Master Your Time: 3 Tips for Managing Your Schedule as an Entrepreneur

Do you work for yourself? Want to develop a better routine for work? As an entrepreneur, mastering your time for efficiency and productivity can be simple, but it is important to discover what works best for you!         

Before I started my own nutrition practice I worked in corporate America as a banker in technology finance. I used to have weeks where I felt like no matter how many items I checked off of my to-do list, they would keep piling up and the list would get longer and longer. Some mornings I would come into work and stare at my to-do list not even knowing where to start, thus triggering bouts of high stress and anxiety.  Anyone feel me on this? Simply put, I wasn’t managing my time well.

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Fast forward to quitting my banking job and setting out on my own. One of the unexpected hurdles that came up during the first few months of working for myself was, how the heck do I manage my time? I had a million things I wanted to do. Client scheduling, sessions and follow ups. Marketing on social media, newsletters and blogs. Partnerships and community events. Corporate wellness, office hours and nutrition talks. The list goes on and on.

It took a lot of time to figure out my new routine, when to schedule clients, how to schedule clients, and even things like when my brain was most focused and efficient and also my sleep schedule. Now that I don’t work a 9 to 5 I am able to maximize hours for when my brain turns on (late afternoon and evenings) versus when to focus on more menial tasks that don’t require a lot of brain power (mornings).

I have put together my 3 tips for managing your schedule as an entrepreneur like a pro.  These have worked tremendously for me and I highly recommend trying one or all three to see how it works for you!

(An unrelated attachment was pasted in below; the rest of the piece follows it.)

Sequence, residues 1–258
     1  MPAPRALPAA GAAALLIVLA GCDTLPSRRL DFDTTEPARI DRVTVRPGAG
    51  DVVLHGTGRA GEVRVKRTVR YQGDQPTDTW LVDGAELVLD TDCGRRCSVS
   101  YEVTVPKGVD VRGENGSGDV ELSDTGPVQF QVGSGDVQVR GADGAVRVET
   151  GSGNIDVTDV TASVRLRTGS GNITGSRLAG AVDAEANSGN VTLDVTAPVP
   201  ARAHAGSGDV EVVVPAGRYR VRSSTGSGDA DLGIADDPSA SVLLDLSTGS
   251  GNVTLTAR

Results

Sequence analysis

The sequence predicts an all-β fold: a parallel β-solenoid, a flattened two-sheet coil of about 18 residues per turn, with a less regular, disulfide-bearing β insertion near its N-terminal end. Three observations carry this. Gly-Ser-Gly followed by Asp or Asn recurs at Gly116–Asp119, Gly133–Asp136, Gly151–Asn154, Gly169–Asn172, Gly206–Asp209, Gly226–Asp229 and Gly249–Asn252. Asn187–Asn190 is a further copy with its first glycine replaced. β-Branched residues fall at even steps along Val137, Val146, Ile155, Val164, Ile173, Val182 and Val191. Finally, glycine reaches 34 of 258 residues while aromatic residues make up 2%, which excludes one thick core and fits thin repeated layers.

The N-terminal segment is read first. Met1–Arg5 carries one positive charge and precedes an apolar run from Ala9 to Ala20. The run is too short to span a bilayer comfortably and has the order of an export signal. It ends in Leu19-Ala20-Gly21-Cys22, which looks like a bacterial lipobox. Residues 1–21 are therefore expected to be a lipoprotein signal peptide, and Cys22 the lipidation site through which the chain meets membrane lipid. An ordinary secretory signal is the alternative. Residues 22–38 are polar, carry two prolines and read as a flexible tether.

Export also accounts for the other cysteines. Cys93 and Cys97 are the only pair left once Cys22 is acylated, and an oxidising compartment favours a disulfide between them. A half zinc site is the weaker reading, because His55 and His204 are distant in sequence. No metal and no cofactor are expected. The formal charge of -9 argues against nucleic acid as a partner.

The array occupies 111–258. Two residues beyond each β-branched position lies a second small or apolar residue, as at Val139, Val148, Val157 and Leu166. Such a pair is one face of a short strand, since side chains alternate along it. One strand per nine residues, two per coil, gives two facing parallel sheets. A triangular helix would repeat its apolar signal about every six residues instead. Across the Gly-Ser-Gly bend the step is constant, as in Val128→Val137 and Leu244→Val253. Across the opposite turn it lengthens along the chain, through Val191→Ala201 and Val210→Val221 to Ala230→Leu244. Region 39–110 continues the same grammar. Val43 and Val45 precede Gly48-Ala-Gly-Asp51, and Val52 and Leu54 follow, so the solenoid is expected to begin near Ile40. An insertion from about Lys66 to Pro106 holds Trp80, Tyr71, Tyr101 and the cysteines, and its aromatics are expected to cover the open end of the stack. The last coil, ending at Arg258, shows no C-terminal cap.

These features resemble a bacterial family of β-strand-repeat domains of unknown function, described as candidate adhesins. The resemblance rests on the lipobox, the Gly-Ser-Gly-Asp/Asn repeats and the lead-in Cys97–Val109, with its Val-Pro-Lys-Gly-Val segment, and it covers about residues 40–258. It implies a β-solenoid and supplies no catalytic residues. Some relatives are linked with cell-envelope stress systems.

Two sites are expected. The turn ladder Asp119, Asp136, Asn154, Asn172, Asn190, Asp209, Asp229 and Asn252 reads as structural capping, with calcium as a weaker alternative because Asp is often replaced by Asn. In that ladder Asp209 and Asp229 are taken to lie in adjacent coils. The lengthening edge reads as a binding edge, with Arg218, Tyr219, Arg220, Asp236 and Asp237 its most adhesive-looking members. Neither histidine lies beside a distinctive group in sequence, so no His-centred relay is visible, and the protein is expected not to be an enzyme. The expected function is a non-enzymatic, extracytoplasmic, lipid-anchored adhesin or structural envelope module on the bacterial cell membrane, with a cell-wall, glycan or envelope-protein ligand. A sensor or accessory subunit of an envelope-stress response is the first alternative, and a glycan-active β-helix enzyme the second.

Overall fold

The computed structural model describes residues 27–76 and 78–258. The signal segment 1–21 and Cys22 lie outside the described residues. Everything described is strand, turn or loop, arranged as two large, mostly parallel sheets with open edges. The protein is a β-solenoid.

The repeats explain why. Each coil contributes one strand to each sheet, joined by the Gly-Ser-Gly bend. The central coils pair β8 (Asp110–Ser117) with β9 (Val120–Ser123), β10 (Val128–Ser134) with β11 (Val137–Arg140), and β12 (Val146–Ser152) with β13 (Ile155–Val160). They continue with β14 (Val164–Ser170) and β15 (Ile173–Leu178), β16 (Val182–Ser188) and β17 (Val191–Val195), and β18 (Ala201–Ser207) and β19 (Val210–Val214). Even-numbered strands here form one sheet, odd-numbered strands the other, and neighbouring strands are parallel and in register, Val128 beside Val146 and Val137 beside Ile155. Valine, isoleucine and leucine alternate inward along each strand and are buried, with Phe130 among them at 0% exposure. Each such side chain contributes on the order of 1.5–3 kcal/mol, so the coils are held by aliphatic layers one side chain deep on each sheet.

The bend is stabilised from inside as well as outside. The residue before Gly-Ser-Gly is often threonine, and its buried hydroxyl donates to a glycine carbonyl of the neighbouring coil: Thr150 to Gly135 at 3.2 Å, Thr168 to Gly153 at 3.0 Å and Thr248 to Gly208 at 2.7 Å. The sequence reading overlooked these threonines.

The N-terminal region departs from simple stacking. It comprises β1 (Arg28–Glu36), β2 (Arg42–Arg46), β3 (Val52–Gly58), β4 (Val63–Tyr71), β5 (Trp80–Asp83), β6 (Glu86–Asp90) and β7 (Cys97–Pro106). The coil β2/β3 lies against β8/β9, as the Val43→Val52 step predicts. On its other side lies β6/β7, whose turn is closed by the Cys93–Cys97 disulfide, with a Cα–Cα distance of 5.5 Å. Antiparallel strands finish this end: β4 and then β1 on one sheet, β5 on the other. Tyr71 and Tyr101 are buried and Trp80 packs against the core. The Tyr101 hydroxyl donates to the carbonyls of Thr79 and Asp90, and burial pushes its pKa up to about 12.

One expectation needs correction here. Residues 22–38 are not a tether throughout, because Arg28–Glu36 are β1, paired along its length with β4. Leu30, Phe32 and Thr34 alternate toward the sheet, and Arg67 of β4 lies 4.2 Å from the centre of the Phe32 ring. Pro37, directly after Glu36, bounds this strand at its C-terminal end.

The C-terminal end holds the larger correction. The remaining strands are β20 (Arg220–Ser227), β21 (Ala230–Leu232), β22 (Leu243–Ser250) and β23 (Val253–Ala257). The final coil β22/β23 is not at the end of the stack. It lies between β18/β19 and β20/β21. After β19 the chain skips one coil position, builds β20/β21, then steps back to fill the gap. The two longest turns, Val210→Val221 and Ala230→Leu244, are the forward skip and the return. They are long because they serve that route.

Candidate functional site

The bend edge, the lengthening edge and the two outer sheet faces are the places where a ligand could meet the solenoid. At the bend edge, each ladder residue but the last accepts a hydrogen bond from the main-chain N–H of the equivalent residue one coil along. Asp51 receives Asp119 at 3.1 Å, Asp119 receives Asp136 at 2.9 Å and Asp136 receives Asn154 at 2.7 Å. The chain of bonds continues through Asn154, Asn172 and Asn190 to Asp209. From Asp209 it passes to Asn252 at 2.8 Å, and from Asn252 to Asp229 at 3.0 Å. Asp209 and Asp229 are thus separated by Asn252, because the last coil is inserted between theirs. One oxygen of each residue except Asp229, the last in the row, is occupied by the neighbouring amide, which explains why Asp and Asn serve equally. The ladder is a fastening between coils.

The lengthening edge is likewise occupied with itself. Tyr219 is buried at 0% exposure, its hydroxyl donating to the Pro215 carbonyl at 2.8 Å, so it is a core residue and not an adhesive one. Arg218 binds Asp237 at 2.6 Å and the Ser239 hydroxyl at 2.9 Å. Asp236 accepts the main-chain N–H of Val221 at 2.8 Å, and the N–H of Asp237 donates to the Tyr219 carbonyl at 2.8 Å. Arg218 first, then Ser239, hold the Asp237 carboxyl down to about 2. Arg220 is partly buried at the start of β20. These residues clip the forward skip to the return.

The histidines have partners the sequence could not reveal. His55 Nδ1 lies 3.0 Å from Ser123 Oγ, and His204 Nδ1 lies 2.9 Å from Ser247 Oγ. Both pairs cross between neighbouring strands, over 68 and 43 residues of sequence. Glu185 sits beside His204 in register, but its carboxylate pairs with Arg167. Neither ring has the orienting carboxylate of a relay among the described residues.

ESTABLISH A MORNING ROUTINE

As an ENFJ I need structure and as “the most introverted of extroverts” I also need quiet time. I understand that what might work as my routine can be very different for others, but what is important is establishing your own in the morning.  Setting a routine in the A.M. is so important for how we spend the rest of our day.  As an entrepreneur, it is likely that you will have many opportunities thrown in your direction at once, so having a daily routine can help to ground you and give you some much needed time for yourself.

I am a late riser.  My internal alarm clock is set to 8am. My boyfriend is usually up in the morning and on his way to work by then. Most days I don’t leap out of bed right away. I take some time to stretch my body laying down or I do a quick 1-2 minutes of Dr. Andrew Weil’s breathing exercise which helps to center me before starting my day.

My first stop in the morning is the kitchen. I heat up water on the stove to pour into a big 16 oz. glass with a giant squeeze of lemon.  Warm lemon water is my “coffee” and gives me energy, cleanses and alkalizes my system and gets me ready for the day. I then sit on my couch and enjoy this warm cup of goodness while I check my calendar to prep for the day and time-block for the next day (see below). I then answer any urgent emails and leave the rest for later.

Back in the kitchen I am making a smoothie for breakfast.  This work for me as it is such an easy way to get a dose of vegetables, protein and healthy fats in the morning. I take this smoothie to my desk in my home office and dive into my emails first thing. Clearing out what I can in the morning helps me feel like I can concentrate on other tasks for the rest of the day.

The last part of my morning routine is getting exercise. I usually take a 10am yoga class a couple blocks away from my house. On days that I am taking clients at MNT Studio I will take an afternoon class there. Exercise is such an important part of my routine and if not yoga or pilates I am walking around San Francisco for at least 20-30 minutes a day. 

TIME-BLOCKING